“It’s not for threat intel to investigate fake engagement,” an investigator from that team told Zhang. Katie Harbath, Facebook’s then public policy director for global elections, expressed interest in a “scaled way to look for this and action on other politician Pages” but noted that it was unlikely the case would get much attention outside Honduras, and that she didn’t “feel super strongly” about it. Other executives and managers Zhang briefed included Samidh Chakrabarti, the then head of civic integrity; David Agranovich, the global threat disruption lead; and Rosen, the vice-president of integrity.

“I don’t think Honduras is big on people’s minds here,” a manager from the civic integrity team told Zhang in a chat.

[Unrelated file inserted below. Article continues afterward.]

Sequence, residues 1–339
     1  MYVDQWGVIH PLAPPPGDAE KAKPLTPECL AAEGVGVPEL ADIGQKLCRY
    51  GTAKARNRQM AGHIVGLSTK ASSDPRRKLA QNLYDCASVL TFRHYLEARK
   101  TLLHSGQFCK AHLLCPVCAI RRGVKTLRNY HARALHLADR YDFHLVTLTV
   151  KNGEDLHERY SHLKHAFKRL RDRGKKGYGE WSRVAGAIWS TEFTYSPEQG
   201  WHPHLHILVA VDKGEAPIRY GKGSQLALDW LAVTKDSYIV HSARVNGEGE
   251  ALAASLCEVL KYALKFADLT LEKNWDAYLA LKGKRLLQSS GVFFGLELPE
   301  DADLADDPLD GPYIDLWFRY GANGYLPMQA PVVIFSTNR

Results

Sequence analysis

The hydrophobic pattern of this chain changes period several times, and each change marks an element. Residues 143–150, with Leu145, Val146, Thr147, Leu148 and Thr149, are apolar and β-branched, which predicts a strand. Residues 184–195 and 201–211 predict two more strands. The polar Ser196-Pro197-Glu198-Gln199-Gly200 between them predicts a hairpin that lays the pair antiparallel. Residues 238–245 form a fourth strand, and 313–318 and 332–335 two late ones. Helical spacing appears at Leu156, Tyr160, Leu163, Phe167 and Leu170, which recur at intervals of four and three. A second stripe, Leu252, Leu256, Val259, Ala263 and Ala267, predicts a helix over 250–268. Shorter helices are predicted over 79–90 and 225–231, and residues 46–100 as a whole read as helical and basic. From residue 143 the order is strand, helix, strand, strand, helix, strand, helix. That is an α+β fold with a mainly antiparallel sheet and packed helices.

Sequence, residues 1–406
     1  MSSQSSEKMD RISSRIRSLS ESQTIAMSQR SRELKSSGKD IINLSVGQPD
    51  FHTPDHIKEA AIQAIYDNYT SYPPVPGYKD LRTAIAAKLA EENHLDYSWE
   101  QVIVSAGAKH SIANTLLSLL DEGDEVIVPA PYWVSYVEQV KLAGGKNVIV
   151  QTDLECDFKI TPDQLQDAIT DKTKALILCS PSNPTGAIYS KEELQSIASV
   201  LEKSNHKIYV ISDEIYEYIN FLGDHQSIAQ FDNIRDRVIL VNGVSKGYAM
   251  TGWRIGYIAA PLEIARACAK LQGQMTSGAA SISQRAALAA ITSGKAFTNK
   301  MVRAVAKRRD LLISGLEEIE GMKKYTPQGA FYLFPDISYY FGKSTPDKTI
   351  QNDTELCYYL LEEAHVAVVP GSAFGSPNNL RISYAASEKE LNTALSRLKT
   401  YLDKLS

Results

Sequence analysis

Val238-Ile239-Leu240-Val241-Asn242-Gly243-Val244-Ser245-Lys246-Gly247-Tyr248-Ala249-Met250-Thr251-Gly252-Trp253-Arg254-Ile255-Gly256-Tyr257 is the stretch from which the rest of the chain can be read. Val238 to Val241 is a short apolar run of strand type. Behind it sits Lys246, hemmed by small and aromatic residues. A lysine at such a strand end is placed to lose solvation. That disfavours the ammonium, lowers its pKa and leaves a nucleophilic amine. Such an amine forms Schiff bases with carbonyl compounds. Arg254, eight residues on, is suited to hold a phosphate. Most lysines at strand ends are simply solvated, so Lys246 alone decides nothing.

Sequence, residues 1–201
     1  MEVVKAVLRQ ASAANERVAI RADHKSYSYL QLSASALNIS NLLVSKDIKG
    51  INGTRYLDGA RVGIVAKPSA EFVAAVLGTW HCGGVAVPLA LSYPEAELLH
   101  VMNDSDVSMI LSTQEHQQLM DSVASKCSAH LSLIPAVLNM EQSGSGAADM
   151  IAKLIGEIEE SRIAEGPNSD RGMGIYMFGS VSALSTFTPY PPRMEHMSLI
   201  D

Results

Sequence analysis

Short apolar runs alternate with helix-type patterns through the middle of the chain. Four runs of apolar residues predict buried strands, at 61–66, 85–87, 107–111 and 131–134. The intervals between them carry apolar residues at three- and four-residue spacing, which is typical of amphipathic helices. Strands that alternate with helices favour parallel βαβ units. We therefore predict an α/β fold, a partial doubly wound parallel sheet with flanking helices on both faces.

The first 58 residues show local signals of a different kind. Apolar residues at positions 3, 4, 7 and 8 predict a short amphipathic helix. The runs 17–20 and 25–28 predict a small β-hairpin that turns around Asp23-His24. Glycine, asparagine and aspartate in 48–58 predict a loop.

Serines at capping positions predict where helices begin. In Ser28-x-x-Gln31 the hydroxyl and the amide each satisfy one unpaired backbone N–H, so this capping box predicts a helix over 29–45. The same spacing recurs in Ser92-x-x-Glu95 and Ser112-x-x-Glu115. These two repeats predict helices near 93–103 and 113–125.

Frustrated and impatient after months of inaction, Zhang took her concerns semi-public – within the confines of the company’s internal communication platform.


Zhang’s complaint was previously reported by Buzzfeed News back in September. This, however, is more detailed.
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NHS Covid-19 app update blocked for breaking Apple and Google’s rules • BBC News

Leo Kelion:


An update to England and Wales’s contact tracing app has been blocked for breaking the terms of an agreement made with Apple and Google.

The plan had been to ask users to upload logs of venue check-ins – carried out via poster barcode scans – if they tested positive for the virus. This could be used to warn others.

The update had been timed to coincide with the relaxation of lockdown rules.

But the two firms had explicitly banned such a function from the start.